(photo credit: Associated Press)
WASHINGTON – The Obama administration is sending mixed messages on its position toward the Muslim Brotherhood and its assessments of the group’s goals, as it struggles to articulate a policy on the largest and most organized Egyptian opposition group.
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“It is hard, at this point, to point to a specific agenda of the Muslim Brotherhood as a group,” US Director of National Intelligence James Clapper told the Senate Select Committee on Intelligence Wednesday, when asked about its stance on Iran, weapons smuggling by Hamas and Egypt’s peace treaty with Israel.
Pressed on the last point, Clapper finally said, “They are not in favor of the treaty.”
His comments comes after criticism he received last week for asserting that the organization is “largely secular.”
On Wednesday he said he had been misunderstood and that he was trying to say that the group tries to work within the framework of a secular government.
At the same time, CIA Director Leon Panetta and FBI Director Robert Mueller, who appeared alongside Clapper at Wednesday’s hearing, described the group in more ominous tones.
“Within the Muslim Brotherhood, there are extremist elements that we have to pay attention to,” Panetta said. “We have to watch very carefully to make sure that they are not able to exert their influence on the direction of governments in that region.”
Mueller said that some members in the Muslim Brotherhood have “supported terrorism.”
Since the unrest that unseated Egyptian president Hosni Mubarak hit the country, the US has stated that its policy is not to speak to members of the Islamist organization, of which the US terror-designated Hamas is an offshoot, at the same time that it calls for nonsecular groups to be included in conversations about a new, fully representative government.
US President Barack Obama himself, speaking right after Mubarak abdicated last Friday, stressed that “this transition must bring all of Egypt’s voices to the table.”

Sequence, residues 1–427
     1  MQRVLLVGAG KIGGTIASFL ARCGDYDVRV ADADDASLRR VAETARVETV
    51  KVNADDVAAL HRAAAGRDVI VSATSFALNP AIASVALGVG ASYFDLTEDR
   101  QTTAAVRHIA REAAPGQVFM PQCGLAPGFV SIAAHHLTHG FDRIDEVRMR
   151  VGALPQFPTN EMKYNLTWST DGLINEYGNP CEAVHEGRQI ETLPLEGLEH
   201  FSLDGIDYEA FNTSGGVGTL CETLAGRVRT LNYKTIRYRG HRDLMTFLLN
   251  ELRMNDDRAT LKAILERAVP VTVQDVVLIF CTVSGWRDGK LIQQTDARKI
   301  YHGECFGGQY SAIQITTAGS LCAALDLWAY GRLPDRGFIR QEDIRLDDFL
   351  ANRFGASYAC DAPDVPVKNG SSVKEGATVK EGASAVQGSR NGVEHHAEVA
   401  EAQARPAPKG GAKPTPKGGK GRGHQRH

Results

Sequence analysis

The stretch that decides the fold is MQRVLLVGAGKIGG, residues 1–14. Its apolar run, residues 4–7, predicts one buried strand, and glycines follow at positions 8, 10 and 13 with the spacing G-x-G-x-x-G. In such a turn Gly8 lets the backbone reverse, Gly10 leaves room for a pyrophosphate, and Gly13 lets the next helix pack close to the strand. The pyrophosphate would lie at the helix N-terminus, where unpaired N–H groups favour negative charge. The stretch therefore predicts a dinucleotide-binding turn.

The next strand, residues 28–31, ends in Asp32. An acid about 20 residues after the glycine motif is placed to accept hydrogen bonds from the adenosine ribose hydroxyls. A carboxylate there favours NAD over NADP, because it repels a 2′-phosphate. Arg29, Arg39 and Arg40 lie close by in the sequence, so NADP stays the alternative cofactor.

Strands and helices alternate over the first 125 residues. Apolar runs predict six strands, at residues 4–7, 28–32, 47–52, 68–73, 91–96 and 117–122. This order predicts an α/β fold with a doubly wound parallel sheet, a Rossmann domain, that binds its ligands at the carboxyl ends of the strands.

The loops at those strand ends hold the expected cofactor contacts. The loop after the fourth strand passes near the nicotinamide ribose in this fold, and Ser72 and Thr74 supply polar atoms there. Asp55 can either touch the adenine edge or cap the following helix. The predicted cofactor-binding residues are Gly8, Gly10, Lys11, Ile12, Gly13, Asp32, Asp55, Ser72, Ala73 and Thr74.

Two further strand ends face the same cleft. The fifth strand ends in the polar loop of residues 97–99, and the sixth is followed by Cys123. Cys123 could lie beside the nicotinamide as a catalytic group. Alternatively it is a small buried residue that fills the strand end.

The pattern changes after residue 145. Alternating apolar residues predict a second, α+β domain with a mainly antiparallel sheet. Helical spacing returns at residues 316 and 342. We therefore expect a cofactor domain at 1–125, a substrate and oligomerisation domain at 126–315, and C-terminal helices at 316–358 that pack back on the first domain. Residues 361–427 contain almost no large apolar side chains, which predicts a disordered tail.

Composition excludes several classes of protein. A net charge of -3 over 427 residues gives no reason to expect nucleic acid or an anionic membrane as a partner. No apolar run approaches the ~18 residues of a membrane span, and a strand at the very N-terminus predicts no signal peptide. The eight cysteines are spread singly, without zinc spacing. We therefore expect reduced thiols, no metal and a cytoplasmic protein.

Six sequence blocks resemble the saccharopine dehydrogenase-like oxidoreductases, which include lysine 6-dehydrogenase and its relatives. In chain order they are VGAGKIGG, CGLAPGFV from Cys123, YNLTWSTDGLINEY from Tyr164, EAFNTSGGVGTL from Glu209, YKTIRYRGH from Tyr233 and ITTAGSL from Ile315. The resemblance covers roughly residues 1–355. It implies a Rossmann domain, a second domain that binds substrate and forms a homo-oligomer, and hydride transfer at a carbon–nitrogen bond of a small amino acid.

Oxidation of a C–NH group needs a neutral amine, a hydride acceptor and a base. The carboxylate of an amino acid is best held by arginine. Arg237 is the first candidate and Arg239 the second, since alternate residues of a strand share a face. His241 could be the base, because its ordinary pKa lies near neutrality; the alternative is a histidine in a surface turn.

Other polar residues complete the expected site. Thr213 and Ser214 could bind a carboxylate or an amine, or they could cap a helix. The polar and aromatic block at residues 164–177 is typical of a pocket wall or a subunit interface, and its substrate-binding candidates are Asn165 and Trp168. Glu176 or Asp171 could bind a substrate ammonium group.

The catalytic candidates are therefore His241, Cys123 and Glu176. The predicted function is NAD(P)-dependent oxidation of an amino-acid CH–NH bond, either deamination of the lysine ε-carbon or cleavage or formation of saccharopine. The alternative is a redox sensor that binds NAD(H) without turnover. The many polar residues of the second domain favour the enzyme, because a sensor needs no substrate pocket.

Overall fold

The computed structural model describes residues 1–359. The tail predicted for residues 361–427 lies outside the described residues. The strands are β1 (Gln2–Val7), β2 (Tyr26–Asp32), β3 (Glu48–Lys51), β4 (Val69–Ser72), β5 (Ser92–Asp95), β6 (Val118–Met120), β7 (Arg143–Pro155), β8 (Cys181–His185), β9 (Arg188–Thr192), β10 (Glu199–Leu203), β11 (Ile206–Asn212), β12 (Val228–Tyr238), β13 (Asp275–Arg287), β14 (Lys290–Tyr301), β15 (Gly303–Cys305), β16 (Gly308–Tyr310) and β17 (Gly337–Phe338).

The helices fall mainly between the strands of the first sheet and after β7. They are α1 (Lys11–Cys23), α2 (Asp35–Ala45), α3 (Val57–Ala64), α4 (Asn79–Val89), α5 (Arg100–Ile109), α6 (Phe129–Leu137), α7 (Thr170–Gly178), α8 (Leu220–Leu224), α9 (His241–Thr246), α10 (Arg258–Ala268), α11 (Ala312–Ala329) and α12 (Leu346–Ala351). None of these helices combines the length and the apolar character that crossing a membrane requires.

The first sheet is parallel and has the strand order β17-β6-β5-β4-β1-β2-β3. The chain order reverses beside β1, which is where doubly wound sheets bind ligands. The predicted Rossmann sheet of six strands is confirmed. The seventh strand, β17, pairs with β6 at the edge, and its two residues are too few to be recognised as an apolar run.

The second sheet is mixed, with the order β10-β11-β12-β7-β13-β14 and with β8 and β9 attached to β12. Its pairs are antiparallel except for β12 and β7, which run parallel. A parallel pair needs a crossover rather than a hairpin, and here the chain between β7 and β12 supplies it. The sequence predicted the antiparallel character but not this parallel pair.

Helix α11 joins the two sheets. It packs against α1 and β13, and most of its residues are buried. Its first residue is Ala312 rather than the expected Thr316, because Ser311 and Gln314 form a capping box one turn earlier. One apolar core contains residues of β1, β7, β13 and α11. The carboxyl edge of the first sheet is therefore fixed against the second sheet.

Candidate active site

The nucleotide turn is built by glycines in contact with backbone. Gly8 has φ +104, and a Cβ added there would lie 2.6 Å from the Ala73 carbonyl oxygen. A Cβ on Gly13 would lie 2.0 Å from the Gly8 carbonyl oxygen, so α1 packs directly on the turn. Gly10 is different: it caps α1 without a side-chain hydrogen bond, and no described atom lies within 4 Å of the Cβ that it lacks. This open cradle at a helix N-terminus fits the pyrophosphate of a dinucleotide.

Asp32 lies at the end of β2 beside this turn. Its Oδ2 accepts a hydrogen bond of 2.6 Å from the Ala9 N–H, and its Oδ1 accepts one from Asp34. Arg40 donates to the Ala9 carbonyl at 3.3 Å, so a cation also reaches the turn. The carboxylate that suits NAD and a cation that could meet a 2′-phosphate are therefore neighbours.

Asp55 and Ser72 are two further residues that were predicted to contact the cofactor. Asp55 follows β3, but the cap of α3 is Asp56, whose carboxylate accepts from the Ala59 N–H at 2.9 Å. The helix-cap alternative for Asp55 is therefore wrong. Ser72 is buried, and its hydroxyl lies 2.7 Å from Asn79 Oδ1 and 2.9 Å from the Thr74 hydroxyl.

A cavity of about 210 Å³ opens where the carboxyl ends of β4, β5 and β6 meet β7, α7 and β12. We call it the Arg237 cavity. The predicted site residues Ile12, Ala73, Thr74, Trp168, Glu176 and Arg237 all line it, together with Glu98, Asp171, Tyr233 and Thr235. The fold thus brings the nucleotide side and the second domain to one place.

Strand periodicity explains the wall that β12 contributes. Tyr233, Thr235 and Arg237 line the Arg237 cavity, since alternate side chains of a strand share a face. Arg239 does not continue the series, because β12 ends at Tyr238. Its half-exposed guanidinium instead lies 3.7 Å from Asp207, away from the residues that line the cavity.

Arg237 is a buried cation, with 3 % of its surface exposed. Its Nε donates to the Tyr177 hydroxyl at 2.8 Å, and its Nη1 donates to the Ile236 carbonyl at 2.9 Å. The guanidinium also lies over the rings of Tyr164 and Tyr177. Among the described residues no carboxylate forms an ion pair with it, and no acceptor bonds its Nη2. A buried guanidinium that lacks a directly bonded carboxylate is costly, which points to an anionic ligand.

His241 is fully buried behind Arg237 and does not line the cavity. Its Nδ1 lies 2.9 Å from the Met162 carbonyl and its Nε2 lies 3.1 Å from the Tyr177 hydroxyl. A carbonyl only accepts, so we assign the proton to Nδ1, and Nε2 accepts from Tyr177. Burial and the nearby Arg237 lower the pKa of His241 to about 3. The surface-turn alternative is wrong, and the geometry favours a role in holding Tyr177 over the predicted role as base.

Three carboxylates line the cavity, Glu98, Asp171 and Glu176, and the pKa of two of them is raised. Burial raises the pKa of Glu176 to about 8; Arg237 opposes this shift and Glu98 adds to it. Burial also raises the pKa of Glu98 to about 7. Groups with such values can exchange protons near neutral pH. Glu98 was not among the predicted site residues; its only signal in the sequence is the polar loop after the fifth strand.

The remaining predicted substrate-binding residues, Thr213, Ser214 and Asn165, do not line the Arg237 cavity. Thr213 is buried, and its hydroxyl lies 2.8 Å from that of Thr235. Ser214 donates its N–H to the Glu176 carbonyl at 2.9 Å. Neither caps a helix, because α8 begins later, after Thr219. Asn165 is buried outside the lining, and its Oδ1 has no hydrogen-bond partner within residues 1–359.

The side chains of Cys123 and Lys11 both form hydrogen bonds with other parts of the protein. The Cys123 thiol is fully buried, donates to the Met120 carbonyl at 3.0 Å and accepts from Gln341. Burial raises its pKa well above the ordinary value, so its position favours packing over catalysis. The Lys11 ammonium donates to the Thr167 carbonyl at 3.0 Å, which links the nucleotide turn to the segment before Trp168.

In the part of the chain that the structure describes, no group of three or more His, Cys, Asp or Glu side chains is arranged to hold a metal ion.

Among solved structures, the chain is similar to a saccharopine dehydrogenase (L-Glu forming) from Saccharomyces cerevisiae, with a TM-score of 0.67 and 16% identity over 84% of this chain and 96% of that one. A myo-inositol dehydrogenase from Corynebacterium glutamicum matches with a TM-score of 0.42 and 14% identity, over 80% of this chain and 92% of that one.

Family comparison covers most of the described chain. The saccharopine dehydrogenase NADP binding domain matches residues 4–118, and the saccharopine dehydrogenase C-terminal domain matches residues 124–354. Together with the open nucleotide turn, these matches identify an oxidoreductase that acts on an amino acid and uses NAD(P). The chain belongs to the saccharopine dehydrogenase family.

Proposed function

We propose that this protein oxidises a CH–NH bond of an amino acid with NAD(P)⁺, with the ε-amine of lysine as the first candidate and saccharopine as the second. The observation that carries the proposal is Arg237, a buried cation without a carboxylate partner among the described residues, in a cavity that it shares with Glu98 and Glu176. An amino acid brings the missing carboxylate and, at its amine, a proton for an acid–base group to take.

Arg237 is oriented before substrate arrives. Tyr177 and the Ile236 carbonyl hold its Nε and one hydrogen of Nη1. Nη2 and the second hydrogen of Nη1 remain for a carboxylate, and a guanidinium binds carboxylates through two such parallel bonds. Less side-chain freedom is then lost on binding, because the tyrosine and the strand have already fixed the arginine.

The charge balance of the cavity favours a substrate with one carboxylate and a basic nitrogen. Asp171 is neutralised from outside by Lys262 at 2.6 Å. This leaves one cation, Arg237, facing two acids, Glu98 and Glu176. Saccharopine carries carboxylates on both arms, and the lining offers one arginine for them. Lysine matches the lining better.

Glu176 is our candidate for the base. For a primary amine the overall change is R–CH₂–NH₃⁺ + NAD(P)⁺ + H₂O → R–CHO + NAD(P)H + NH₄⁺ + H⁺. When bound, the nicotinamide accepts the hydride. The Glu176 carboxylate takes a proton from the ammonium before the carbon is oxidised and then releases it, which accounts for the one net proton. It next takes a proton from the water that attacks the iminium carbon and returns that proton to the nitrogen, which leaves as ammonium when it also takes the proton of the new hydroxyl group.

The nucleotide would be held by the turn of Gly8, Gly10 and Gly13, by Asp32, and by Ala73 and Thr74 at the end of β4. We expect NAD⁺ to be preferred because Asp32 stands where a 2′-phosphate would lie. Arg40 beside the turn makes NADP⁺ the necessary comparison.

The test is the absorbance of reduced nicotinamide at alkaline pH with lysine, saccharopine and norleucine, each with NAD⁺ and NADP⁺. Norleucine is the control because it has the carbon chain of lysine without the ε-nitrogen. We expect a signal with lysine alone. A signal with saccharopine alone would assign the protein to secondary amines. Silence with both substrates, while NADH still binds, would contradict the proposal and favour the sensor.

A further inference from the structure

“The administration has made contradictory and at times patently incorrect statements about the group, leading to confusion about how the administration sees the group and to speculation that the administration does not have a position or a unified position on how it sees the group,” said Matthew Levitt, director of the Stein Program on Counterterrorism and Intelligence at the Washington Institute for Near East Policy.
“I think they’ve been caught off guard,” he said of the administration. “It suggests that they have not given enough thought to the issue.”
Daniel Byman, a counterterrorism expert at the Brookings Institution’s Saban Center for Middle East Policy, suggested that the Muslim Brotherhood itself had been caught off guard by the rapid removal of the repressive regime that had dominated its members’ lives for decades. That has meant the group has yet to adapt to the new political reality and formulate its goals.
Now that it doesn’t have to focus exclusively on survival and identifying pressure points in the regime, Byman said, “I don’t know if it knows what it wants.”
The dramatic change in Egypt – as well as the fact that the Brotherhood has several points of power and leading figures – has made for mixed signals out of the diverse group, Byman noted, adding that most of the messages that have come out have been “saying the right things.”
Certain members have expressed a willingness to abide by the peace treaty with Israel, a commitment to nonviolence and democratic governance and an intention not to attempt to run Egypt, though whether the organization as a whole takes these positions or will adhere to them is far from certain.
That uncertainty leaves the Obama administration in a difficult position, according to Byman, as it doesn’t want to encourage the political participation of a group it mistrusts but also doesn’t want to create an enemy and make the situation for US interests worse.
While such ambivalence can lead to bad outcomes on both sides, he also maintained, “That they [US officials] disagree is intellectually healthy. There’ll be debate, people will question each others’ assumptions.”
Levitt said the administration was trying to minimize the risk that it would alienate a large part of the Egyptian electorate – support for the Muslim Brotherhood is estimated at between 15 and 30 percent – by boldly characterizing or seeking to exclude them from the electoral process.
But Levitt advised that rather than speak about the Muslim Brotherhood
specifically, the Obama administration should draw lines that all groups
need to cross to participate in a democratic process.
“It’s clear that there needs to be much more centralized thinking about
this group and what do we want or need for this group to be positive
contributors,” he said